Applying what we now know about the core, the difference between core and abdominal training is that you’re not just targeting the front side of the body but the back side as well.  By definition, the deep-trunk muscles act as "stabilisers" and are not involved in producing movements.  They involve static, or isometric, contractions.  Furthermore, they must act as stabilisers continuously throughout everyday activities as well as fitness and sport activities, and so require very good endurance of low-level forces. These muscles do not need to be very strong, but they must be correctly coordinated and capable of working continuously. In addition, we want these stabiliser muscles to act by holding the lumbar spine in the neutral position, which is the correct alignment of the pelvis that allows for the natural 'S' curve of the spine. These characteristics underpin the following deep-trunk muscle training program.

What are the best workouts for building core strength?

Good - so you want to improve your core stability! 

If you want to find a class then Pilates is a great core strength class.  Nordic Walking works on dynamic core strength is a great option too. 

Otherwise for home exercises, the aim of core stability training is to effectively recruit the trunk musculature and then learn to control the position of the lumbar spine during dynamic movements.

The foundation of all core-stability training is learning to co-contract the Transverse Abdominus and Multifidus muscles effectively.

  • Start by lying on your back with knees bent

  • Your lumbar spine should be neither arched up nor flattened against the floor, but aligned normally with a small gap between the floor and your back. This is the "neutral" lumbar position you should learn to achieve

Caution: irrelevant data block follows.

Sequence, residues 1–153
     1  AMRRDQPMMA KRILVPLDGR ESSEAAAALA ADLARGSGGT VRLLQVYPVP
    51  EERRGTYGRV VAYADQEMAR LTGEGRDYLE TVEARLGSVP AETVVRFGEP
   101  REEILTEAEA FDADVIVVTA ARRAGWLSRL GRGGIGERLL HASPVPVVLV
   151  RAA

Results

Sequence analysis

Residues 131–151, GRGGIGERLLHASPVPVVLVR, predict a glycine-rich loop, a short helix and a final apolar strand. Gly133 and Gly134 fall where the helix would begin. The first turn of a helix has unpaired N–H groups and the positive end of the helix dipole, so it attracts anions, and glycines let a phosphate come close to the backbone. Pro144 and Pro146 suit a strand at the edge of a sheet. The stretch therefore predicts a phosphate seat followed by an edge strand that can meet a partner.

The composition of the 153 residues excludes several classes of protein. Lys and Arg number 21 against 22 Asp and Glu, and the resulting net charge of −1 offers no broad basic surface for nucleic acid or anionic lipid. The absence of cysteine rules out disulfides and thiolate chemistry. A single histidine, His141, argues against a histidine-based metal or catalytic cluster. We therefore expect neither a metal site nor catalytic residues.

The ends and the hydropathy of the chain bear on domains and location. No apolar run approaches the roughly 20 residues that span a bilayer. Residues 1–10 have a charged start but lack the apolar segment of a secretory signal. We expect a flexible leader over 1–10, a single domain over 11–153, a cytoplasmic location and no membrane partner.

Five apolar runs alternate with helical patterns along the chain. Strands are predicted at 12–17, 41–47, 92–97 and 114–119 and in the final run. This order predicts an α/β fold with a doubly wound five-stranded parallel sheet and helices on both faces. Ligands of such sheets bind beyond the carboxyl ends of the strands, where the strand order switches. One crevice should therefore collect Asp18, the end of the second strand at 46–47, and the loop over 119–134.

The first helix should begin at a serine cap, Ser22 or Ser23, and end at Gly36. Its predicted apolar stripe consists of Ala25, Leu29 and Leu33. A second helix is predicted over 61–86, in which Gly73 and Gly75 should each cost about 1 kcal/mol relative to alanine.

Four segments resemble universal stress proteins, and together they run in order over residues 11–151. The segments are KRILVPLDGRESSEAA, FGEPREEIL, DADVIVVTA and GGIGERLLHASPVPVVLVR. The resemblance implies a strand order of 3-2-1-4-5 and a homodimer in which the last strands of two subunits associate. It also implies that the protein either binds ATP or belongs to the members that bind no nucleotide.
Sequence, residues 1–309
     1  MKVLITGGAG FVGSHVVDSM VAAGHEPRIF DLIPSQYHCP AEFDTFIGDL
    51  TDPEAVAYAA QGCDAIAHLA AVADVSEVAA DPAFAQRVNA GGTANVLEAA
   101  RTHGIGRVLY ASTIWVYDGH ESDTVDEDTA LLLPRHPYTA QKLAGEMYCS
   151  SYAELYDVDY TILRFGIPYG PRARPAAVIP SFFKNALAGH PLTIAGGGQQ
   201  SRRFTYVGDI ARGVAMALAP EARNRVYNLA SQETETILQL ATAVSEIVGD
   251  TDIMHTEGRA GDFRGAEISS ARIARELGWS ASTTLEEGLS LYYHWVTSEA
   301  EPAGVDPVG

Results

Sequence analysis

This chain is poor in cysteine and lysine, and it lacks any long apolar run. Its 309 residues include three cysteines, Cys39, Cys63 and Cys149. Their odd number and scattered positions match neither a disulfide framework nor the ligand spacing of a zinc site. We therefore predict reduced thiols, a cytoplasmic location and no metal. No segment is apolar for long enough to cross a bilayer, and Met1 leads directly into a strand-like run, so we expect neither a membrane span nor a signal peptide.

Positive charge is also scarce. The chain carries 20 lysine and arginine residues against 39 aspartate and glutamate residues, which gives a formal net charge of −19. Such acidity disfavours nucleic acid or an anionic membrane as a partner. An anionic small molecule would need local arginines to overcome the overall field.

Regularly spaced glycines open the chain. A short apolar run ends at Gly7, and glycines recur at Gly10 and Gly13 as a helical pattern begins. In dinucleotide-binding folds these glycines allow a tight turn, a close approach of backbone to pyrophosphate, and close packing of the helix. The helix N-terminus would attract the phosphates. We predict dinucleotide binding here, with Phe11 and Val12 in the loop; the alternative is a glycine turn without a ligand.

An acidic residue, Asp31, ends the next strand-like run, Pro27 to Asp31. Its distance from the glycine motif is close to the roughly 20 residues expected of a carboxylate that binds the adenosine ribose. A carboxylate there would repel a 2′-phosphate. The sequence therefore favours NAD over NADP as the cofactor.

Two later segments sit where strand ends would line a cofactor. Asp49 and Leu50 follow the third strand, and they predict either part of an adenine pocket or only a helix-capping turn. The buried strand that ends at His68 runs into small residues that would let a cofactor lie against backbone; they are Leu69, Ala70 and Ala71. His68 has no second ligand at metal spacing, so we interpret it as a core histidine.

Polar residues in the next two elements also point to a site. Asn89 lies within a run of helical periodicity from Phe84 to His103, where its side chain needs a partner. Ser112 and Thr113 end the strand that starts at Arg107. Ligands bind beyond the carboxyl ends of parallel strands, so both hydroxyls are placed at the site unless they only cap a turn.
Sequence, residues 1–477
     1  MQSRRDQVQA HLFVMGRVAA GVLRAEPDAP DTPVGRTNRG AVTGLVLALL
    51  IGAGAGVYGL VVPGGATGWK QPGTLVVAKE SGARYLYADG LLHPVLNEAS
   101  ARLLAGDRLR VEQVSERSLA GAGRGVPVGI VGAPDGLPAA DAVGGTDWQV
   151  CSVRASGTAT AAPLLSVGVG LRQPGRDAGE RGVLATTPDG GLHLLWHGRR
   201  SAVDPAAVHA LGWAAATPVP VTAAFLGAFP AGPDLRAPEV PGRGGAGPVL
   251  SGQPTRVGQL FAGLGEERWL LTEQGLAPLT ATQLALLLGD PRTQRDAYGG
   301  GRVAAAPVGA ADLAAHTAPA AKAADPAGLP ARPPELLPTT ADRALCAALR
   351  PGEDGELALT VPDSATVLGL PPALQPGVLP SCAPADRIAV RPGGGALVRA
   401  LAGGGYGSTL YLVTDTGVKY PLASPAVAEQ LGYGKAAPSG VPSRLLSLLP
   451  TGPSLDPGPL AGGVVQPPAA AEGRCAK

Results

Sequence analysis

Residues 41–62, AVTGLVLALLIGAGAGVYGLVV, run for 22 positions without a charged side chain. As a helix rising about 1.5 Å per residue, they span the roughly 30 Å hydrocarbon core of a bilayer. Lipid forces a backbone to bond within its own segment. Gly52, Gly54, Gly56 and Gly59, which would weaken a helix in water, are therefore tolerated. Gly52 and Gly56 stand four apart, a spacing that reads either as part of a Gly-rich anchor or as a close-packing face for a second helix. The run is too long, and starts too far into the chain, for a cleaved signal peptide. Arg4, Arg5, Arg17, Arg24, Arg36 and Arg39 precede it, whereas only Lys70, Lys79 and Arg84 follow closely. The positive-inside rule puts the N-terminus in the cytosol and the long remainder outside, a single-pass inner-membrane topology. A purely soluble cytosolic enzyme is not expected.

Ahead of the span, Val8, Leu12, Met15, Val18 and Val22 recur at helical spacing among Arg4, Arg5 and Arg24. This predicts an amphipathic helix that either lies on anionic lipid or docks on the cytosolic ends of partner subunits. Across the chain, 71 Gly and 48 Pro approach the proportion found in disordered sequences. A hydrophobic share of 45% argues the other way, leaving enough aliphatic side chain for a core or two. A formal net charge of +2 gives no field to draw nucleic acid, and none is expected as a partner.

• Breathe in deeply and relax all your stomach muscles

  • Breathe out and, as you do so, draw your lower abdomen inwards as if your belly button is going back towards the floor. Pilates teachers describe this as "zipping up", as if you are fastening up a pair of tight jeans

  • Hold the contraction for 10 seconds and stay relaxed, allowing yourself to breathe in and out as you hold the tension in your lower stomach area

  • Repeat 5-10 times

Once you have mastered the abdominal hollowing lying on your back, practice it lying on your front, four-point kneeling, sitting and standing. Learning to recruit the TA and MF muscles correctly in various positions can take anything from one session to one month or more.  Once perfected it is time to move onto more advanced core stability exercises.  These might be static positions like the planks, dynamic controlled movements like “superman”, unstable static/dynamic exercise on a Swiss ball, controlling explosive movements like box jumping.  Your practitioner can help to prescribe the exercises that are appropriate for you, your condition, and what you want to achieve.


Some good core exercise ideas can be found here....  start easy, get the techniques right, and then progress!

Beginner floor core exercises

Beginner planks...

Swiss ball exercises for runners....

Advanced dynamic core stability exercises...


Posted on September 16, 2016 .